Education opens doors. In law schools, we have tried for decades to open one particular door: the one that welcomes more minority graduates into the profession. In some ways, we have succeeded admirably. The percentage of minority law graduates almost tripled between 1983 and 2012, from 8.6% to 24.2%. The absolute number of those graduates rose almost four-fold during the same years, from 3,169 per year to 11,951 annually.
Today, all of us can name successful minority lawyers, judges, and law professors–as well as minority business people, nonprofit directors, and policymakers with law degrees. Legal education can even point with pride to the first African American President of the United States.
Just as the doors started to open, however, new obstacles emerged. Research shows that minority students earn lower law school grades than white students–even after controlling for entering credentials. We have also dramatically raised the cost of legal education as our student bodies diversified. And, perhaps most disturbing, we now know that these high costs fall disproportionately on Black and Latino/a students. New data from the Law School Survey of Student Engagement (LSSSE) show that these students assume substantially more law school debt than their white and Asian American classmates. That debt gap is new–and growing.
Last fall, Law School Transparency (LST) released a detailed study of declining LSAT scores among entering law students. Drawing upon data from several sources, the report warned that students with LSAT scores below 150 suffer increasing risks of failing the bar exam. For students with scores below 145, the risk is extreme. One school, for example, reported that only 16% of graduates in that category passed the bar on their first attempt. The eventual pass rate for those students was just 36%.
LST also offered evidence that these high-risk students are paying more for their legal education than students with a better chance of becoming lawyers. Schools that admit a substantial number of high-risk students offer fewer tuition discounts than other schools. Scholarships at high-risk schools are also more likely to be conditional (and forfeited) than scholarships at schools admitting lower risk students.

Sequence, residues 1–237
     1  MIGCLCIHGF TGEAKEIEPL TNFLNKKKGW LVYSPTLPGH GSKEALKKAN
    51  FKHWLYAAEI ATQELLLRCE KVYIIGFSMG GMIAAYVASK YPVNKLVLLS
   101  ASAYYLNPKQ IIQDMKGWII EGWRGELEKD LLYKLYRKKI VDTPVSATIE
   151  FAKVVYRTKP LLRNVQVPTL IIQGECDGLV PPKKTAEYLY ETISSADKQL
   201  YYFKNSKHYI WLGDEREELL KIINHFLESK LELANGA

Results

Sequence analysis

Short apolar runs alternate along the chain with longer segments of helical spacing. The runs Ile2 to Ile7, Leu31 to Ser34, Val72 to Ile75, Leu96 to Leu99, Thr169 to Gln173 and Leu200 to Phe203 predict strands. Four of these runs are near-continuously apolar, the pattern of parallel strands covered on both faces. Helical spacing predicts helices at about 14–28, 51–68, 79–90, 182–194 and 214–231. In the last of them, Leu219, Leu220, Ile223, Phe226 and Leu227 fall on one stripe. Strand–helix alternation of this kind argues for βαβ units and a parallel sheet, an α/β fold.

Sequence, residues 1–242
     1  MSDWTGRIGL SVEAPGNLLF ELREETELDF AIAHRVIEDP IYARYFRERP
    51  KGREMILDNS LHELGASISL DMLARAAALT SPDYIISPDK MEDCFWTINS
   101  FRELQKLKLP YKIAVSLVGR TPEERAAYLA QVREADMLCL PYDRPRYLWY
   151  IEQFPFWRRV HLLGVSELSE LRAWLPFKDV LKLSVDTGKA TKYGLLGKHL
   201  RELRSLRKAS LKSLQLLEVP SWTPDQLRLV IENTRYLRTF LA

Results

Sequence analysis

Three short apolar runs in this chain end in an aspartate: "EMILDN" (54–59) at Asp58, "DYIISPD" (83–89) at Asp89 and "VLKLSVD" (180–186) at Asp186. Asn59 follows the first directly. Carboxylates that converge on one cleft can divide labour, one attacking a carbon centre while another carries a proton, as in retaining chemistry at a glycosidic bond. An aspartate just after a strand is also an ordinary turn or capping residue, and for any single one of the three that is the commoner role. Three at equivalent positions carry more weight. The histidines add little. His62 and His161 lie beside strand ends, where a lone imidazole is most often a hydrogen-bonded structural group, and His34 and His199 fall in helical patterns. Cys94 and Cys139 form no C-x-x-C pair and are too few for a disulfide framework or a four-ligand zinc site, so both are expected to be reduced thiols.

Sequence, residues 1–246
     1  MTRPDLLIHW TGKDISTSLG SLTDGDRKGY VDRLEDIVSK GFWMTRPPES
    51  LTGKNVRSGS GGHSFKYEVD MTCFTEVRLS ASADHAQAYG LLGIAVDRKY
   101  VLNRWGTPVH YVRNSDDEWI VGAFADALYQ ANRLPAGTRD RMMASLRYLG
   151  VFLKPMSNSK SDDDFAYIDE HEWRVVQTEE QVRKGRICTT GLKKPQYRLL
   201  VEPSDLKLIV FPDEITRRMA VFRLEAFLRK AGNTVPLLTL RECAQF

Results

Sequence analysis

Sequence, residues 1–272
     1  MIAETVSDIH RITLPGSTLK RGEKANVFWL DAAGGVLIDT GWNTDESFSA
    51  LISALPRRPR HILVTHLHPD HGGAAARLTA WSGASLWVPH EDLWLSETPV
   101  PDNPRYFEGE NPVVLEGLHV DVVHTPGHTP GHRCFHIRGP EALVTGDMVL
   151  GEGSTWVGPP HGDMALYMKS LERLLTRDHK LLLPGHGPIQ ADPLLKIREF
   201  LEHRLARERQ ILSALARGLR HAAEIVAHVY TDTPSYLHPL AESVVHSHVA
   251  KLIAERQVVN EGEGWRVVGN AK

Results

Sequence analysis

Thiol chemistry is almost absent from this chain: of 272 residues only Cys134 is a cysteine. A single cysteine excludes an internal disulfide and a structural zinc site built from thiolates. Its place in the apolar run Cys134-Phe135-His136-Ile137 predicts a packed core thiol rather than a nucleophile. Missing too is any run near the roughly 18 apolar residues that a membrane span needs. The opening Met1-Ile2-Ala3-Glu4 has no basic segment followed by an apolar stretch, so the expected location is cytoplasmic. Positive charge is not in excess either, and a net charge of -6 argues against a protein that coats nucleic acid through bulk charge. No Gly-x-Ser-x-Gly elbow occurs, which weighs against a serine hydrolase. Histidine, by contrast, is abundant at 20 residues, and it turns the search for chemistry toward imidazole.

The highly regarded Law School Survey of Student Engagement (LSSSE) just added an alarming data point to this analysis. LSSSE reports that 52% of law students with the lowest LSAT scores (145 or less) expect to incur over $120,000 of debt for their legal education. In contrast, only 20% of students with LSATs above 155 will owe that much.
The highest risk students are assuming very heavy debt loads for their legal education. Equally disturbing, the difference between those students and their classmates has grown substantially since the great recession. In 2006, LSSSE notes, debt loads did not differ much by LSAT score. Sixteen percent of students who scored above 155 expected to owe more than $120,000 for their legal education; for students scoring at that cut-off or below, the percentage was the same.
In 2011, the gap was much wider. A third (33%) of students scoring at 155 or below anticipated law school debt over $120,000. For higher scoring students, the percentage was just 24%. This year, the gap has widened even more. Only one-fifth (20%) of higher-scoring students expect to owe over $120,000 for their legal education. Among those students, the percentage amassing high debt levels has decreased–despite rising tuition levels and modest inflation.
Students with LSAT scores of 155 or below, on the other hand, are even more likely than in the past to assume high debt levels. Thirty-seven percent of those students now anticipate owing more than $120,000 for their legal education. And, as reported above, the percentage is even higher for those with the lowest LSAT scores: More than half of students with LSAT scores below 146 will owe over $120,000 for their law school degrees. Those are the very students at very high risk of failing the bar.